Here at Lullabot, we've trained hundreds of new Drupalistas in public workshops and on-site private trainings over the years. One of the primary things that people new to Drupal struggle with, once they grasp the basic concept of the hook system and the theme system, is figuring out the "big picture" of what all they actually have to work with to customize their own Drupal sites.

This article will expose a couple of quick core hacks* that we sometimes use in class to help gain insight into all of the hooks, template files, and theme functions that Drupal makes available on a specific page request.

* Note: Under normal circumstances, we would never recommend that you "hack core" (modify core files). However, temporarily, on a local test site, and for educational purposes only, sometimes it's okay. Maybe. ;)


The Drupal API site offers a comprehensive list of all core hooks that Drupal registers. But unless you have the very simplest of sites, chances are you have one or more contributed modules as well which aren't (currently) displayed on that site. Furthermore, a huge list of what hooks exist doesn't help you when you really want to know what hooks your particular Drupal site exposes so that you know where you can cut in and customize Drupal's behaviour.

Fortunately, all hooks in Drupal run through a function called module_implements(). So you can do a quick hack there to gain insight into what hooks fire on a given page.

In includes/, find the module_implements() function (around line 595 in Drupal 7, and 415 in Drupal 6). At the top of the function, just after the line:

function module_implements($hook, $sort = FALSE, $reset = FALSE) {



This gives you output similar to this (click for full version):

Note that there are also hooks that fire after the page is displayed, which won't be visible until the next page load.

Theme system

The Theme Developer module lets you highlight any section of a Drupal page in a Firebug-esque manner and find out where it comes from. This is incredibly useful when you want to override one specific part of the page.

But sometimes, it can be useful to get a "bird's eye" picture of all of the template files and theme functions that make up a given page.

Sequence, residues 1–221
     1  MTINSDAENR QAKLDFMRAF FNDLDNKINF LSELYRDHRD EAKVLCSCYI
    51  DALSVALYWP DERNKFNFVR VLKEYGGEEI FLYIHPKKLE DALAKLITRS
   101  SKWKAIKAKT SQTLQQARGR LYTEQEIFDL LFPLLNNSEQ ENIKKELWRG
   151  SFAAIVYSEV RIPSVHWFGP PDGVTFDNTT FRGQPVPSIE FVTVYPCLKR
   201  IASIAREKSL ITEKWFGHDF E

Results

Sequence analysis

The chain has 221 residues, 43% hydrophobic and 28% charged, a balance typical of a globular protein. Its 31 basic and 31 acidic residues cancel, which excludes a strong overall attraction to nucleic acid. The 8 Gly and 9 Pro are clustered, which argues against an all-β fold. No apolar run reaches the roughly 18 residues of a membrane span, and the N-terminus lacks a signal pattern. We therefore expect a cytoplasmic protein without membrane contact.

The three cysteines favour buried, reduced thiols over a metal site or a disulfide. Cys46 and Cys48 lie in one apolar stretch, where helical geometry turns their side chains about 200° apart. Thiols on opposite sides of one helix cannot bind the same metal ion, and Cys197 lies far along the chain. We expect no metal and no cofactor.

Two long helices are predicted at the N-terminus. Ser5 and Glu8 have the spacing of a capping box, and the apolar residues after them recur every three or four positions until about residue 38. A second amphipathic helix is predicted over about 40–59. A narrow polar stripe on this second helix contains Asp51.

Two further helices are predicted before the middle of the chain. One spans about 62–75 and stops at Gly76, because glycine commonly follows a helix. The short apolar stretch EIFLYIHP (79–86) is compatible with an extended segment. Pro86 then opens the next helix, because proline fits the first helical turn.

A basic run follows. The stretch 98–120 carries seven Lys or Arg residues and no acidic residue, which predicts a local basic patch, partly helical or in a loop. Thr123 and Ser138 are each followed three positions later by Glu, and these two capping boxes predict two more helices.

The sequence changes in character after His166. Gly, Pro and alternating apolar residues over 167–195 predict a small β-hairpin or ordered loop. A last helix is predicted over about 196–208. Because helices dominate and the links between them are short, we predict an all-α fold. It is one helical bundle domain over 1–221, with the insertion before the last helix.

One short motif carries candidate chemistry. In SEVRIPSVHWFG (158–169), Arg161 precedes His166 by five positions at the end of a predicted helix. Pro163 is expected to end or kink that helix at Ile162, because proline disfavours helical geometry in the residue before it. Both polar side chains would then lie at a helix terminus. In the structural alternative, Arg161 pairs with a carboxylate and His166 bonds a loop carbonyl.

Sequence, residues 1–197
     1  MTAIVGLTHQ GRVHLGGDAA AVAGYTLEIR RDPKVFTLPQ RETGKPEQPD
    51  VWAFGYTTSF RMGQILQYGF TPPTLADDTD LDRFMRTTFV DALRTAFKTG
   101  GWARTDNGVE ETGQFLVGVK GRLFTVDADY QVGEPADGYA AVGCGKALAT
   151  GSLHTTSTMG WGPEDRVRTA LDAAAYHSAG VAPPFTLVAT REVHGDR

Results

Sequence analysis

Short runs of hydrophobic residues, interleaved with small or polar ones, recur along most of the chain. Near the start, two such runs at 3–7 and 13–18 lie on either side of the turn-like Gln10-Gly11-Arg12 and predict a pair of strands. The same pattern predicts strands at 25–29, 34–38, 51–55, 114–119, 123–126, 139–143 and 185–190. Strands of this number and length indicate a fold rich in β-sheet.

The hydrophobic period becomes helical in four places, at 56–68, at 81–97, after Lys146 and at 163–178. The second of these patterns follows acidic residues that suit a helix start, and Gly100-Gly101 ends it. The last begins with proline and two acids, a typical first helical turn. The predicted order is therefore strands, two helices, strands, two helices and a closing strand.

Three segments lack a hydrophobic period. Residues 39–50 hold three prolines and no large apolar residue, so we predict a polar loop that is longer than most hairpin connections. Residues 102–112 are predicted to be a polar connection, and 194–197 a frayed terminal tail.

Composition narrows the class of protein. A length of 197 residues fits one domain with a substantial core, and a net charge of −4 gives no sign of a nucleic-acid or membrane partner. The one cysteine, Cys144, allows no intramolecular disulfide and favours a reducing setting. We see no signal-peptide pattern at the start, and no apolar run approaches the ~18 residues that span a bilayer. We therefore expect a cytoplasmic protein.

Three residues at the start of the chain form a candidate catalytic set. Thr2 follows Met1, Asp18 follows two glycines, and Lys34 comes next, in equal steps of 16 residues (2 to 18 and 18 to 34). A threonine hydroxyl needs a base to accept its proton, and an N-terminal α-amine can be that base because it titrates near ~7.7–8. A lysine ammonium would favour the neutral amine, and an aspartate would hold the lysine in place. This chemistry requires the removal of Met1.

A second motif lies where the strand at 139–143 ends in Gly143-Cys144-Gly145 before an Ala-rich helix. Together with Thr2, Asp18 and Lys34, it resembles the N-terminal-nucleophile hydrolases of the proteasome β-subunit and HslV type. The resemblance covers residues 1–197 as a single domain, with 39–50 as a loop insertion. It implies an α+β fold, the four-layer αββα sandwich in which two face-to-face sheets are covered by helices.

All output on the page is routed through a function called theme() before being presented to the browser. This makes it a nifty place to add some small hacks to gain insight as to what's going on when a page is rendered.

Template files

In includes/ in the theme() function, around line 925 (Drupal 7) or 730 (Drupal 6), change:

$output = $render_function($template_file, $variables);


    $output = '' . $hook . $extension;
    $output .= $render_function($template_file, $variables);
    $output .= '';

This simple hack will give you a picture such as this when you reload the page (click for full version):

Theme functions

A similar hack can show you all the theme functions that create a page. This is not recommended to run with the previous hack or you will have a mess. :)

In includes/ in the Drupal 7 theme() function, around line 880, change:

      $output = $info['function']($variables);


      $output = '' . $info['function'];
      $output .= $info['function']($variables);
      $output .= '';

The same hack in Drupal 6's theme() function is around line 655, change:

    $output = call_user_func_array($info['function'], $args);


    $output = '' . $info['function'];
    $output .= call_user_func_array($info['function'], $args);
    $output .= '';

This gives you output similar to this (click for full version):

Other suggestions?

Are there any other quick hacks you can suggest for gaining insight into what's going on under Drupal's hood?

Angie Byron

Angie Byron is a former senior web architect at Lullabot.

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